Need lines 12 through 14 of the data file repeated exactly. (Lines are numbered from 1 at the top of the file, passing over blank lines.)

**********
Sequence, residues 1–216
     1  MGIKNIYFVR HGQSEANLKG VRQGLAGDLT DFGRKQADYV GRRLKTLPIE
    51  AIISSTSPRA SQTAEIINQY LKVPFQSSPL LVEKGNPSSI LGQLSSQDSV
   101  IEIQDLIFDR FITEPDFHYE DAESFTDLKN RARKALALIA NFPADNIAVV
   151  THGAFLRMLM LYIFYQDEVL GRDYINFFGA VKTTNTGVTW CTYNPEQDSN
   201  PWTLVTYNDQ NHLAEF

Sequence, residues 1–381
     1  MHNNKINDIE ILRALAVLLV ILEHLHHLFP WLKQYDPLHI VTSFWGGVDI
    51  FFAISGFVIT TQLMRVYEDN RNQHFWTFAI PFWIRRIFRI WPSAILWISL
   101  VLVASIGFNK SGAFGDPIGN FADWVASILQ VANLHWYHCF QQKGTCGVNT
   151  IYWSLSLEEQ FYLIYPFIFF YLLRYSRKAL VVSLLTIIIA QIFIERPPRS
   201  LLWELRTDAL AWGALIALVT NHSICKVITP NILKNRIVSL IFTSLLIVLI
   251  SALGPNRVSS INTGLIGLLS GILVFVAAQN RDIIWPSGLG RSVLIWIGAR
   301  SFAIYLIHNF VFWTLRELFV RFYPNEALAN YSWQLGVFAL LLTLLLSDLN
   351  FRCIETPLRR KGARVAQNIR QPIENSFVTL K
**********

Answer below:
   201  LLWELRTDAL AWGALIALVT NHSICKVITP NILKNRIVSL IFTSLLIVLI
   251  SALGPNRVSS INTGLIGLLS GILVFVAAQN RDIIWPSGLG RSVLIWIGAR
   301  SFAIYLIHNF VFWTLRELFV RFYPNEALAN YSWQLGVFAL LLTLLLSDLN